Outlook for Japan gloomy, experts say
By Tim Kelly and Ian Messer
Bloomberg News Service
TOKYO Matsushita Electric Industrial Co. sought to woo shoppers with Japan's cheapest DVD recorder. The world's biggest consumer electronics maker ended up cutting its annual profit forecast by 12 percent.
The gloom is mirrored across corporate Japan, where the 1,911 listed companies that had reported earnings by Nov. 26 cut net income forecasts for the fiscal year by an average of 11 percent even though first-half profit rose 81 percent.
Demand in Japan has sagged as the key Nikkei 225 index fell 15 percent in six months and cost-cutting left thousands jobless. Falling wages and near-record unemployment may further discourage consumers, while government moves to force banks to shed bad debt may prompt more bankruptcies.
"Prices are slumping in markets around the world, particularly in the U.S.," Matsushita president Kunio Nakamura said in Tokyo last month. "We are worried about how demand will pan out in the holiday season."
Overall, sales fell 0.1 percent in the first half, Bloomberg Data shows. While companies predicted 0.8 percent sales growth, they cut forecasts 1.2 percent.
The least optimistic companies were nonmanufacturers such as contractor Obayashi Corp., which slashed their annual profit forecasts 18 percent.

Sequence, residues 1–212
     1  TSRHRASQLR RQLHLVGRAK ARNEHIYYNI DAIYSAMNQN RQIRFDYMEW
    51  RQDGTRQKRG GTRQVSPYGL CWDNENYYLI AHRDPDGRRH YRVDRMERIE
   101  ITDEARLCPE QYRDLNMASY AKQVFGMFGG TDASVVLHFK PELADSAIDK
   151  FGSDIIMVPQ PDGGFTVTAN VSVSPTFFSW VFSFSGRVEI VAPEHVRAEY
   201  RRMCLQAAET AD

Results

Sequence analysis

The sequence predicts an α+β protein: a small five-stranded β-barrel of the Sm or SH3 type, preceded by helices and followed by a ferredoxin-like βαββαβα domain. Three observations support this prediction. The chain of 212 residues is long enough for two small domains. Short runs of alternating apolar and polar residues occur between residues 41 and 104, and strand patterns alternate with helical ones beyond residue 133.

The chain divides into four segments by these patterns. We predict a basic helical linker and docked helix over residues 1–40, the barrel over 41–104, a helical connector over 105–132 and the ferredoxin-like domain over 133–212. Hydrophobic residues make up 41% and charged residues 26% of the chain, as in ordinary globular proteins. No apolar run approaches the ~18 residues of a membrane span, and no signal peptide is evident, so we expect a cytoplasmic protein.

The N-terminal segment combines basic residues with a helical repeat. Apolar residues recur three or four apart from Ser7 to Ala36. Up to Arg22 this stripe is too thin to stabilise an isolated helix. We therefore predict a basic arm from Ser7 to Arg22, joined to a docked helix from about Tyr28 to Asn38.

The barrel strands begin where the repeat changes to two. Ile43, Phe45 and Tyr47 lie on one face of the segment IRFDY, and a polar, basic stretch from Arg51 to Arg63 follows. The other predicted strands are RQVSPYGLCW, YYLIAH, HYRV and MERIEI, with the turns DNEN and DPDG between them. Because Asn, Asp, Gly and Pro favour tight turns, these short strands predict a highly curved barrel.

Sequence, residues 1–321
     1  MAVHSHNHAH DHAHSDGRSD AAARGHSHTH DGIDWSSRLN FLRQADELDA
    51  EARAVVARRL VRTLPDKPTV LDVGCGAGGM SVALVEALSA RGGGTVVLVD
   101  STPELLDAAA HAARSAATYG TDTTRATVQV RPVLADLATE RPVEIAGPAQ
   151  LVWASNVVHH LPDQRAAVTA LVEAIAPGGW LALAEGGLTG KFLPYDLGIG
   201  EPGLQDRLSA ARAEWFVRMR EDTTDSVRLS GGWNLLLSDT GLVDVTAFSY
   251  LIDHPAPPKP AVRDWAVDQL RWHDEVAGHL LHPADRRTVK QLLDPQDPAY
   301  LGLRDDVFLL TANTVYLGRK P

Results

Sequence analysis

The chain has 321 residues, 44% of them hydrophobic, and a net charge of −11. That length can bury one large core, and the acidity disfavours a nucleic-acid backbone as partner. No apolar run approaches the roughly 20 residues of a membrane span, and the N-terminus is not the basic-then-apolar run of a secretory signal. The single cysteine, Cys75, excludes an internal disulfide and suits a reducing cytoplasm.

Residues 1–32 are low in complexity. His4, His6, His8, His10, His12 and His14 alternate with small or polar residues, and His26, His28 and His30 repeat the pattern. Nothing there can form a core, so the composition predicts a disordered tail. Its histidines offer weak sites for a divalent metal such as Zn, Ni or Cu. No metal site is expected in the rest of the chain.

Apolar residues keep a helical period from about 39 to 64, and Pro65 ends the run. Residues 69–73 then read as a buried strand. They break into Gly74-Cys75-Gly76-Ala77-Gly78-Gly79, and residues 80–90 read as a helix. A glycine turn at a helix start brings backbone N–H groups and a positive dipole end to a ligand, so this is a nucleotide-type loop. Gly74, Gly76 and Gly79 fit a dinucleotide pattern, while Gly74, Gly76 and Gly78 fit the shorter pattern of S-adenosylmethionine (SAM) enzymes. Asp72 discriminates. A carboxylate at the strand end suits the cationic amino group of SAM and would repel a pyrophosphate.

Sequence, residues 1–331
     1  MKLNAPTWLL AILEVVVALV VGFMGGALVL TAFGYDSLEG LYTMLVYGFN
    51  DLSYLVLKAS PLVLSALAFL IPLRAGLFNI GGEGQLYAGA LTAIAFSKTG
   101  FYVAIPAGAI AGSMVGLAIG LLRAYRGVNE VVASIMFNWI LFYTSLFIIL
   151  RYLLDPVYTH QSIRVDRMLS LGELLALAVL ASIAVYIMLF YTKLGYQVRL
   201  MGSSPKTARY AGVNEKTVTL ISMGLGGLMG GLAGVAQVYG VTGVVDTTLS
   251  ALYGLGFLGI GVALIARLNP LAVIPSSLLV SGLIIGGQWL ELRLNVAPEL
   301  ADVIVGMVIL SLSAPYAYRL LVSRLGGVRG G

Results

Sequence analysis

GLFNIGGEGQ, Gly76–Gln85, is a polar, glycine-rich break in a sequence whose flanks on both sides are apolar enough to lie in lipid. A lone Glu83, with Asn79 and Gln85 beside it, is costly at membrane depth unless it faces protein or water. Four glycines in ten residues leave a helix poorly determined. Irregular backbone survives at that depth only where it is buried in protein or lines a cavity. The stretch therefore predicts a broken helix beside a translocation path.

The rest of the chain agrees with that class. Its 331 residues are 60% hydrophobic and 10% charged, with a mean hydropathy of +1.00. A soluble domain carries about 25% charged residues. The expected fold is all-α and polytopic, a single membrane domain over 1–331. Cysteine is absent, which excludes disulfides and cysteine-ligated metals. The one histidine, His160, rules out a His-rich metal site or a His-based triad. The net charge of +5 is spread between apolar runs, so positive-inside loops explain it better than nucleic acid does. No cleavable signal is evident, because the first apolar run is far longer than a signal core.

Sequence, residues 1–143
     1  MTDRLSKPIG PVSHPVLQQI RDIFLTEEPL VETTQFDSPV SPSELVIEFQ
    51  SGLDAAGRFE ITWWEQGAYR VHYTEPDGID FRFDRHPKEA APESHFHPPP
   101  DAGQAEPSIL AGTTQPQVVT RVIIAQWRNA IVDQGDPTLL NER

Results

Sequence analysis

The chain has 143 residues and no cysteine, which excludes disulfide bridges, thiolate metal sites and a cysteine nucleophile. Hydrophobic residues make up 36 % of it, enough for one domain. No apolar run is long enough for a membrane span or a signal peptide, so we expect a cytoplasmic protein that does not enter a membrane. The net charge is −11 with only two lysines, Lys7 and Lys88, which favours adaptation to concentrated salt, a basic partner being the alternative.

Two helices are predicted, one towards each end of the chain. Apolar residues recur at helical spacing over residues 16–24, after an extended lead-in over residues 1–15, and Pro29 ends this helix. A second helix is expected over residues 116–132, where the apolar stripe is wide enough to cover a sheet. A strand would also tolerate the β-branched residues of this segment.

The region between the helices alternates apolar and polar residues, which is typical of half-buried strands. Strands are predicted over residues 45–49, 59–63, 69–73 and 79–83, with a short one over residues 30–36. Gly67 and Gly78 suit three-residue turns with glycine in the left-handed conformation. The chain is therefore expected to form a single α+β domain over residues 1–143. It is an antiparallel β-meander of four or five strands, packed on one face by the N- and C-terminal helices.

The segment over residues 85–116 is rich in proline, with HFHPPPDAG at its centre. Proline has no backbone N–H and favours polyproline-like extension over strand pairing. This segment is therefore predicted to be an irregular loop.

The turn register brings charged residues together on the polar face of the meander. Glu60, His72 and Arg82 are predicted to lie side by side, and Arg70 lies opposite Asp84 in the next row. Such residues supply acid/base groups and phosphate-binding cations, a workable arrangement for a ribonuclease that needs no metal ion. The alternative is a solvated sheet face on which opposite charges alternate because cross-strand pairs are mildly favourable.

Yokohama Rubber Co. and other tiremakers, by contrast raised forecasts an average of 8 percent.
"There is more pessimism than there was six months ago," said Akihide Kinugawa, who helps manage $164 million at T&D Asset Management Co.
Reduced forecasts overshadowed a period in which companies said net income surged by a combined 81 percent.
Gains were led by exporters, particularly automakers, which may benefit from any pickup in consumer confidence. A falling yen would also help by making Japanese products cheaper overseas.
Nissan Motor Co., Japan's third-biggest automaker, left its full-year profit target unchanged, saying it expects net income to rise a third. First-half profit rose by a quarter. Nissan shares are up 42.5 percent this year, compared with a 2.6 percent gain in the Topix Transportation Index and a 14 percent drop in the Nikkei 225.
"I still like exporters in Japan," said Oscar Castro, who manages $1.6 billion in stocks at Montgomery Asset Management LLC and plans to hold onto shares of Canon Inc., Sony Corp. and Honda Motor Co. "I believe that the yen will weaken."
The yen rose to 121.81 against the dollar in the first six months from 132.71, averaging 123.04 yen against the U.S. currency. That compares with 122.07 yen in the previous year.
Even so, many of the profit gains at companies in the first half came as they squeezed costs not because of an improving economy.
"Consumer spending is still weak in Japan," said Takeshi Yamaguchi of Sumisei Global Investment Trust Management Co.
Matsushita shed 13,000 jobs in the last business year under a reorganization that cost more than $1 billion and shifted production to lower-cost factories in China and elsewhere. Sanyo Electric Co., the world's biggest maker of digital cameras and mobile phone batteries, wrung an agreement from its workers to cut wages by a fifth.
Cash earnings including salary, overtime and bonuses for Japan's more than 50 million company employees fell 1.2 percent in September compared with a year ago, the seventeenth month of declines.
Employment figures out today may underscore the slump. Some 34 economists surveyed by Bloomberg said unemployment in October rose 0.1 percentage points to 5.5 percent, matching last December's record.
Concern that the U.S. recovery is lagging has added to the gloom.